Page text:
About Mark the Evangelist

Icon of Mark the Evangelist by Peter Blackwood

An icon of Mark by Peter Blackwood of the Uniting Church Icon Schools

The Uniting Church congregation meeting at North Melbourne chose in 1995 to identify itself with the name and work of Mark the Evangelist. There are many saints, but there are only four Evangelists who, in the book of Revelation, are pictured in a special relationship to the throne of God. Mark the Evangelist was not amongst the twelve but he is traditionally associated with them. Mark is often identified with John Mark whose mother’s house in Jerusalem [Acts 12:12] was a meeting place for the apostles. There is a strong tradition that Mark is the young man wearing a linen sheet who followed Christ after the disciples fled, and avoided capture by shedding his clothes. [Mark 14:51-52]. Mark was a friend of Peter and Paul, and Barnabas who was his cousin. He set out with Paul on the first missionary journey but, after conflict with Paul, broke away at Pamphylia and returned to Jerusalem. A quarrel between Paul and Barnabas resulted in Mark and Barnabas travelling to Cyprus to preach the gospel. The rift was later healed because Mark is mentioned as Paul’s companion in Rome.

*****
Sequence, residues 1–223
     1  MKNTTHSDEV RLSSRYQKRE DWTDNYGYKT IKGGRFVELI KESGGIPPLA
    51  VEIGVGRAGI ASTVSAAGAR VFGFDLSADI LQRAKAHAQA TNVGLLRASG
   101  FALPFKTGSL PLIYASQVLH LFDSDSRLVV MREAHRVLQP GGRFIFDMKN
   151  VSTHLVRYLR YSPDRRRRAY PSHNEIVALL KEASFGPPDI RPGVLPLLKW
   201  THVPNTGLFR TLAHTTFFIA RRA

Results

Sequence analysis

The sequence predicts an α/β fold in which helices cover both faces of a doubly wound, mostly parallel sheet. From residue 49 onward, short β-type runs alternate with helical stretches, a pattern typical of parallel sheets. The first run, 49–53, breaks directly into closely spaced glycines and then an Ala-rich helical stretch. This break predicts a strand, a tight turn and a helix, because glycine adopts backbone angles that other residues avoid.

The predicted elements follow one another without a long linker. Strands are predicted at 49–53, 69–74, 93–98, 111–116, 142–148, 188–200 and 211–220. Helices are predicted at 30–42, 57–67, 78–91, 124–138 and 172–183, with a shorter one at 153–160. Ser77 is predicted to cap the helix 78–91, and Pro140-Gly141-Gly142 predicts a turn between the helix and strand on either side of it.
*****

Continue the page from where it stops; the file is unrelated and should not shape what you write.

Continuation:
Around 60 AD Mark went to Alexandria, the second most significant city of the Roman Empire. It was a centre for Hellenism and contained the largest community of Jews of any city in the ancient world. It is said Mark founded the church there and became its first bishop, and may have been martyred there in the eighth year of Nero’s reign. In 310 a church was built at the place of his martyrdom but in the ninth century the Venetians removed his remains to the Chapel of the Doge, seeking power from his relics to help them in time of calamity.

Outside what we find in the New Testament we know nothing about Mark himself, except that he was “stump fingered,” a reference to the shape of his hands, not the brevity of his gospel. It is said Mark’s emblem is the lion because he begins with “the voice crying in the wilderness.” The last lion was killed in the Judean wilderness 700 years ago but in Mark’s day their roar would have disturbed the peace of the hills.

Beyond Alexandria and Venice it is Mark’s relationship with Peter and Rome that is significant. He is said to have been Peter’s companion, disciple and interpreter, and that he heard him preach. Papias, a bishop from Asia minor, and Clement of Alexandria both tell us that, at the insistence of the Christians in Rome, Mark set down accurately, though not in order, everything he remembered of the words and actions of the Lord as he had learned them from Peter. Because of the brevity of his Gospel, and the knowledge that he did not belong to the twelve, the gospels of Matthew and John had precedence over Mark in the church for many centuries. But it is now widely held that, after Paul, Mark is the first New Testament writer, that he was the first to refer to ‘the Gospel,’ and that on most occasions he does so without qualification.

The feast day for Mark the Evangelist is 25 April, Anzac Day. Each year the congregation has a special service of celebration during which we focus on Mark’s life and work in bringing the gospel of Jesus Christ to us and many others in the world.

Oxford Dictionary of Saints, 4th Edition,
Oxford Dictionary of the Christian Church, 3rd edition.